Music has the power to affect our emotions in both positive and negative ways. These effects usually come quickly, and are sometimes uncontrollable.
Research on the psychology of memory and emotion shows that events of high emotional charge stimulate the brain to take a ‘recording’ (so to speak), of all the other things that were going on at that specific moment.
Our brain connects sounds, smells, and feelings to the event that has occurred and links them together. In the event of a tragedy, if there is a specific sound or musical background, the individuals involved may find themselves experiencing the feelings associated with their tragedy every time they hear that specific sound.
This explains why certain songs create emotions and why the songs we associate with funerals and death may create sadness. These emotions sometimes even escalate to a physical response, such as sobbing.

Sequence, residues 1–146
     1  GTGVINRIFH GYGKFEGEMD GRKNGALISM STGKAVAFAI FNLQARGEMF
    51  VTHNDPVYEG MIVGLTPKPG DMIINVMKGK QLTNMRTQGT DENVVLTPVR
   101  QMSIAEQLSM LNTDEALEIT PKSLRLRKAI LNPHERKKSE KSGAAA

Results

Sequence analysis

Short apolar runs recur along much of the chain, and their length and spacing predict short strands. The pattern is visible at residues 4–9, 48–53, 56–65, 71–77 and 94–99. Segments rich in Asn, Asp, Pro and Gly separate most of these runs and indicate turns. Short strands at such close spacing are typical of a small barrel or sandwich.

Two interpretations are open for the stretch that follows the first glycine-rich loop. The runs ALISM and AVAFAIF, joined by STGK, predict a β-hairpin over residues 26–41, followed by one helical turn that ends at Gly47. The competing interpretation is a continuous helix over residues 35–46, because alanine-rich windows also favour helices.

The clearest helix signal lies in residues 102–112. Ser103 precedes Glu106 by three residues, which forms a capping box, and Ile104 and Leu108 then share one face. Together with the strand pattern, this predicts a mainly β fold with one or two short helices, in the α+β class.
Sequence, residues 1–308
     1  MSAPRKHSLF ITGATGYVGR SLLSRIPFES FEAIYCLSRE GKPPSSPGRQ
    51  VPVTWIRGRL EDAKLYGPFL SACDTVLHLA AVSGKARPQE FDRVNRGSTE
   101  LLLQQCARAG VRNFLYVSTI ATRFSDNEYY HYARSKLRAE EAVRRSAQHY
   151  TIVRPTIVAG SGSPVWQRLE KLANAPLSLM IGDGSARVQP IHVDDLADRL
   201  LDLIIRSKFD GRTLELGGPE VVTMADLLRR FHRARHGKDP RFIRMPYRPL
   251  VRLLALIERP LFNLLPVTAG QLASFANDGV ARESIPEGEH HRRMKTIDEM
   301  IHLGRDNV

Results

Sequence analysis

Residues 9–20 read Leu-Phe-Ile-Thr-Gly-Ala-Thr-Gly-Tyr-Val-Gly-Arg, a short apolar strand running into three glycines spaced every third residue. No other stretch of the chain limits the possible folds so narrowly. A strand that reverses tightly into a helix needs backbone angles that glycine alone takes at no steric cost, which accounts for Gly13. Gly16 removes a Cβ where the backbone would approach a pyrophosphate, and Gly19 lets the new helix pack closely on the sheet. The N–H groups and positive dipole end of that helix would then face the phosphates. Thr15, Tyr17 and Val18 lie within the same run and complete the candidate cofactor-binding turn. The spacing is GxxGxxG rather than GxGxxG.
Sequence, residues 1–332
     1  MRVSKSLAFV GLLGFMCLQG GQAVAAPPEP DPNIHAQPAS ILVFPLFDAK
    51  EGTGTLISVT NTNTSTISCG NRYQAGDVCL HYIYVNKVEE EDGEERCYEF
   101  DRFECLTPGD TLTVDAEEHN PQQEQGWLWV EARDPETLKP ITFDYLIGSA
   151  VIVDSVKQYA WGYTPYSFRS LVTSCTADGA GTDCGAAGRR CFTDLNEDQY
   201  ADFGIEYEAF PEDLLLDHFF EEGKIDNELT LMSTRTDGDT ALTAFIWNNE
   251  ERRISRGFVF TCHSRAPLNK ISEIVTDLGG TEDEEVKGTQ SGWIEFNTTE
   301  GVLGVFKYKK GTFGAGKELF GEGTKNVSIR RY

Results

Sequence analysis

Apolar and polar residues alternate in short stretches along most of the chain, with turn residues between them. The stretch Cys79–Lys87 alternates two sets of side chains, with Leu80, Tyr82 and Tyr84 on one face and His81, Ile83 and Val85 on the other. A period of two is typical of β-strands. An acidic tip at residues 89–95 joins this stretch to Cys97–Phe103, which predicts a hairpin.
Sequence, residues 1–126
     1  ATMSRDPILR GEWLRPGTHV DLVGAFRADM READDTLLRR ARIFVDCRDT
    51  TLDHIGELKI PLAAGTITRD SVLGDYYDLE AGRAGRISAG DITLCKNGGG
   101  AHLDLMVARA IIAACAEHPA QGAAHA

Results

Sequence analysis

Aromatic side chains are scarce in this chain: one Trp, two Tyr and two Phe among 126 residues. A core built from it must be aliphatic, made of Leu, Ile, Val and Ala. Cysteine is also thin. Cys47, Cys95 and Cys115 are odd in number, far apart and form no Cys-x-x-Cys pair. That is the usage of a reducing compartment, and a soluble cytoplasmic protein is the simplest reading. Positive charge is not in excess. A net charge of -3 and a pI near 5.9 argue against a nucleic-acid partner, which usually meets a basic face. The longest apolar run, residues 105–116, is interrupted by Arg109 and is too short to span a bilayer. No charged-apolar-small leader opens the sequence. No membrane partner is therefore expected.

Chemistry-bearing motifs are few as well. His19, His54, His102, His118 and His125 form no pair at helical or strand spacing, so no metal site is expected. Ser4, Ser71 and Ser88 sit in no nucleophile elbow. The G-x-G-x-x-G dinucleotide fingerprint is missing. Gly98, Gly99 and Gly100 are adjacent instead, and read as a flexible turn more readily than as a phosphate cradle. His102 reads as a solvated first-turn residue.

Because the brain makes the connection between song and emotion, the same song will not affect everyone in the same way. The song that may create sadness for one, could give another person the strength they need to help them through the grieving process.
TAPS, for example, is a song commonly played by a single bugle during a military funeral. For many, this song creates a sad emotion. But for others, their brain may have linked this song to the memory of how courageous their loved one was, and the song may give them a sense of pride, or comfort.
There is something about music that evolves over time, as do emotions. When we hear a song we re-live the emotional sequence that happened when we heard it previously. When you start looking at the songs you listen to, pay attention to your emotions.
You might be surprised at how songs effect your emotions. Even more interesting is determining why a song affects you a certain way. Think of the songs you heard at the most recent funeral you attended? Is there an emotional response to any of those songs?